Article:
The Austin Chronicle


Not rated, 116 min. Directed by Takeshi Kitano. Starring Takeshi “Beat” Kitano, Great Giidayu, Beat Kiyoshi, Yuko Daike, Kayoko Kishimoto, Yusuke Sekiguchi, Rakkyo Ide.

REVIEWED By Marjorie Baumgarten, Fri., June 30, 2000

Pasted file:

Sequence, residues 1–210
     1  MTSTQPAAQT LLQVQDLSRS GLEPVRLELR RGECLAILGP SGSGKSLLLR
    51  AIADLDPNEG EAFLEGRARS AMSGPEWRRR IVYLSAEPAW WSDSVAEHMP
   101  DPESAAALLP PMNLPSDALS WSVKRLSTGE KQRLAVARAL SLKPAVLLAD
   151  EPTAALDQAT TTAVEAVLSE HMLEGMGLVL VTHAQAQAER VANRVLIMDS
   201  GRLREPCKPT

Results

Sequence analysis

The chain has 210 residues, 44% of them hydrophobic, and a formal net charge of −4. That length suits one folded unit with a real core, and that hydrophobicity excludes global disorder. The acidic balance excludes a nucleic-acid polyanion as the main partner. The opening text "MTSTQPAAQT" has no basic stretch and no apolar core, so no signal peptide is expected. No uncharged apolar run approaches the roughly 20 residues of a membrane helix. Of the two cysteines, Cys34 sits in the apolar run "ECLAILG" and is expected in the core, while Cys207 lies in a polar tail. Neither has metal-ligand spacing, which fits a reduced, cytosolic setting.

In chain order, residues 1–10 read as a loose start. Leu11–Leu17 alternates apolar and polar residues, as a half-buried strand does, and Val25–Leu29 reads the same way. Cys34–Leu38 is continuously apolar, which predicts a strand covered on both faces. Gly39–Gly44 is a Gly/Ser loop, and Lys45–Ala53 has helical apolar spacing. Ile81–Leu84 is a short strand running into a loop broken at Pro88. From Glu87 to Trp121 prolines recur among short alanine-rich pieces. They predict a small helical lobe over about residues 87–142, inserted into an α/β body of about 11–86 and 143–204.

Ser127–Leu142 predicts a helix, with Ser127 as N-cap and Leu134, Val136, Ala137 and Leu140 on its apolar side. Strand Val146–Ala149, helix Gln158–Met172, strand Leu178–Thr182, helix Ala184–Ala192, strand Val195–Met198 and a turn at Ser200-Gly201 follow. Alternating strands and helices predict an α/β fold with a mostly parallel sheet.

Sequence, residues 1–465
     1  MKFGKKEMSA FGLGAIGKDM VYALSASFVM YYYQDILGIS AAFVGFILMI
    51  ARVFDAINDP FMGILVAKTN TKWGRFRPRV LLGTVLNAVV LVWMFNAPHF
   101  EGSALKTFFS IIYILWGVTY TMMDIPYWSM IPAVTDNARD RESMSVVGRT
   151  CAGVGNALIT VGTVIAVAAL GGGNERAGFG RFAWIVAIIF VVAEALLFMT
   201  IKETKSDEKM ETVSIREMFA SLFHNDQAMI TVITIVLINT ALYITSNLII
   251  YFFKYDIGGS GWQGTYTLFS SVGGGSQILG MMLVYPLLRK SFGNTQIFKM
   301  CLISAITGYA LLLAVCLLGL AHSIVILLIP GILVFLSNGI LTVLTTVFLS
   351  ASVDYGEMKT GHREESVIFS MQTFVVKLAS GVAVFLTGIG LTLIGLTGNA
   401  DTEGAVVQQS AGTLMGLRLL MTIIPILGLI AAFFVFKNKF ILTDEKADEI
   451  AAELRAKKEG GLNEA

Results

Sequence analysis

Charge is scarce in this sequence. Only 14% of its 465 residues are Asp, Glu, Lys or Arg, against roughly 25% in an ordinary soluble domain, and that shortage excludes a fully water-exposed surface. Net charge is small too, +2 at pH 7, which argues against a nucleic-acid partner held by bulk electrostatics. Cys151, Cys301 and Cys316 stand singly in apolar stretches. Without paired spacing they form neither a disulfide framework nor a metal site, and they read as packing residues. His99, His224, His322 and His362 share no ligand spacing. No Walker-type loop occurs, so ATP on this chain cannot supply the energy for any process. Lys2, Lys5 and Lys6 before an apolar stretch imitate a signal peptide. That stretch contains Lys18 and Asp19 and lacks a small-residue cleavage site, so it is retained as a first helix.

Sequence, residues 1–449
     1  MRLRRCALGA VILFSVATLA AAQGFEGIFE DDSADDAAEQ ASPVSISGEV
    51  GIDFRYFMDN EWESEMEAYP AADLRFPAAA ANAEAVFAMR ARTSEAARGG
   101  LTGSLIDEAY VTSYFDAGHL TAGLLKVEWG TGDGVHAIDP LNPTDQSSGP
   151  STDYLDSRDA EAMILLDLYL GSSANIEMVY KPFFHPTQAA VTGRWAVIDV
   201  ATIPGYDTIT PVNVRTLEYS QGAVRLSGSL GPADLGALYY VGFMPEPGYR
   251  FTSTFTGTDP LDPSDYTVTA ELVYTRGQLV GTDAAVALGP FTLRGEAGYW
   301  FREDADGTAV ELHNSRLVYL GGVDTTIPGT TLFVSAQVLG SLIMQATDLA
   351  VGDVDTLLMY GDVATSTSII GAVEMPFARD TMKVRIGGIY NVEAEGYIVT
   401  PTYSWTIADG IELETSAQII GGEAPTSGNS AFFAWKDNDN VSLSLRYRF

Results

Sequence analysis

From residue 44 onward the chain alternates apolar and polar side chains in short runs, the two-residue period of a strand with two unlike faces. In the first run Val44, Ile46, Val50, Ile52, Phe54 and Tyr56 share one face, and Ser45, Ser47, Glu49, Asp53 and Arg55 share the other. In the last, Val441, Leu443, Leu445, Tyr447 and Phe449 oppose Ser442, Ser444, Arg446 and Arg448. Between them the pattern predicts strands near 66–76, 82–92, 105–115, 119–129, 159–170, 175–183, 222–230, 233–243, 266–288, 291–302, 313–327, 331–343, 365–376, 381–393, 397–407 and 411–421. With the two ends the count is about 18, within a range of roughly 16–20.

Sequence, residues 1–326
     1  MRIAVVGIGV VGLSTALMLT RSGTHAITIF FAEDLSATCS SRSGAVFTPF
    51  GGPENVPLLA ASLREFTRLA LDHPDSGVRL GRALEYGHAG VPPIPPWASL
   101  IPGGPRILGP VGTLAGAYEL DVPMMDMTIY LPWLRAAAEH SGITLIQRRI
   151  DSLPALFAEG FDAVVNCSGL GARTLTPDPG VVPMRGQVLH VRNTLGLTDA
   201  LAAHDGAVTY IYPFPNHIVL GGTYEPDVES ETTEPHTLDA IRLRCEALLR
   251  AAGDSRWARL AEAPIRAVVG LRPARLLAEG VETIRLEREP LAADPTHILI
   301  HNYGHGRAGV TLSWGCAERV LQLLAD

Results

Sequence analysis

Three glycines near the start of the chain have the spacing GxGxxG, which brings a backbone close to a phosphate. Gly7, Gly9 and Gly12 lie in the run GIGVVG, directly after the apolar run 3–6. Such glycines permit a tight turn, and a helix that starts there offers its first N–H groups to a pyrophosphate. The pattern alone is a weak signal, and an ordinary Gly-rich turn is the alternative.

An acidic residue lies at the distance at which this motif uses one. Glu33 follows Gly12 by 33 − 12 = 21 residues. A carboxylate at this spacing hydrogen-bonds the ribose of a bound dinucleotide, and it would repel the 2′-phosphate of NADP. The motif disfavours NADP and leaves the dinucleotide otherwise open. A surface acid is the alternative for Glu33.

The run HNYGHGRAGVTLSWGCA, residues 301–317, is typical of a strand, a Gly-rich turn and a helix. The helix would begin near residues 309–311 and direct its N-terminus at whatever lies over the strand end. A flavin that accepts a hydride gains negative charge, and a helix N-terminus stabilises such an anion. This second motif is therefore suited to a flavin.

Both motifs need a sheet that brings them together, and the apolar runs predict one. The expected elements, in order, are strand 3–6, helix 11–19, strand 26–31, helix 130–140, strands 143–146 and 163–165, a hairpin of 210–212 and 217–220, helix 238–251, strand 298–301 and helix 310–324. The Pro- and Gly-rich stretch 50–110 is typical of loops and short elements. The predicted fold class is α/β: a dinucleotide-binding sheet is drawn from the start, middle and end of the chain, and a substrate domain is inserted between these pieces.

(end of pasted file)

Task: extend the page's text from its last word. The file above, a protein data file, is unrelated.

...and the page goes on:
This Japanese movie by popular star Takeshi “Beat” Kitano is a sweet and amusing picaresque tale of the physical and emotional journey of an ill-matched nine-year-old boy Masao (Sekiguchi) and the adult male Kikujiro (Kitano) who serves as his guide. For the most part, however, they refer to each other as “Kid” and “Mister,” terms indicative of their odd relationship and meeting. Summer vacation has just begun and Masao, who lives alone with his grandmother, is lonely because all the other kids have gone away for the holidays and all his usual activities have been suspended for the vacation. Then, by accident, he discovers a picture and the address of his mother, whom he has never met. He sets off to find her but does not know how. A friend of his grandmother, who describes Masao as a “gloomy” child, volunteers her husband Kikujiro to accompany him. Kikujiro is a petty hustler and a loudmouth, whose wife seems willing to trade him away in order to gain a little window of peace and quiet. And he's not exactly the sort you'd expect to find companionship with a sad young boy. Their journey takes them first to the track where Kikujiro blows all Masao's traveling money. After that, they walk and hitchhike and meet up with a succession of colorful characters. Played mostly for comedy, Kikujiro might be the Japanese equivalent of Big Daddy or Disney's upcoming The Kid with Bruce Willis. However, the movie must be seen as a distinctly Takeshi “Beat” Kitano picture. Kitano (whose stage name is “Beat”) is a Japanese superstar who, in addition to making films, also appears in eight weekly TV shows, writes novels, and paints (his artwork can be seen throughout Kikujiro). His 1997 film Fireworks (Hana-Bi) achieved international acclaim and put him on the world map as a director of renown. Kikujiro, however, marks a departure in style for Kitano, whose films often deal with cops and the violent underworld. Not only is Kikujiro sweet and funny, it is, no doubt, Kitano's experimental “art film.” The movie is loaded with showy, scene-stealing shots. Narratively illogical point-of-view shots like the ones filmed from the bottom of a champagne flute, an insect's honeycombed POV, and throwaway concoctions like the multiple superimpositions or a reflection viewed in a car hubcap litter the film and contrast awkwardly with the simplicity of the story. Sequences are allowed to go on for “poetic” lengths that disconcertingly make things seem more plodding than they actually are. The story is amusingly told in a scrapbook fashion as chapters in the kid's “What I Did on My Summer Vacation” report. And that's when the movie is at its best: when it sticks to the boy's point of view, unsullied by more complicated adult concerns.

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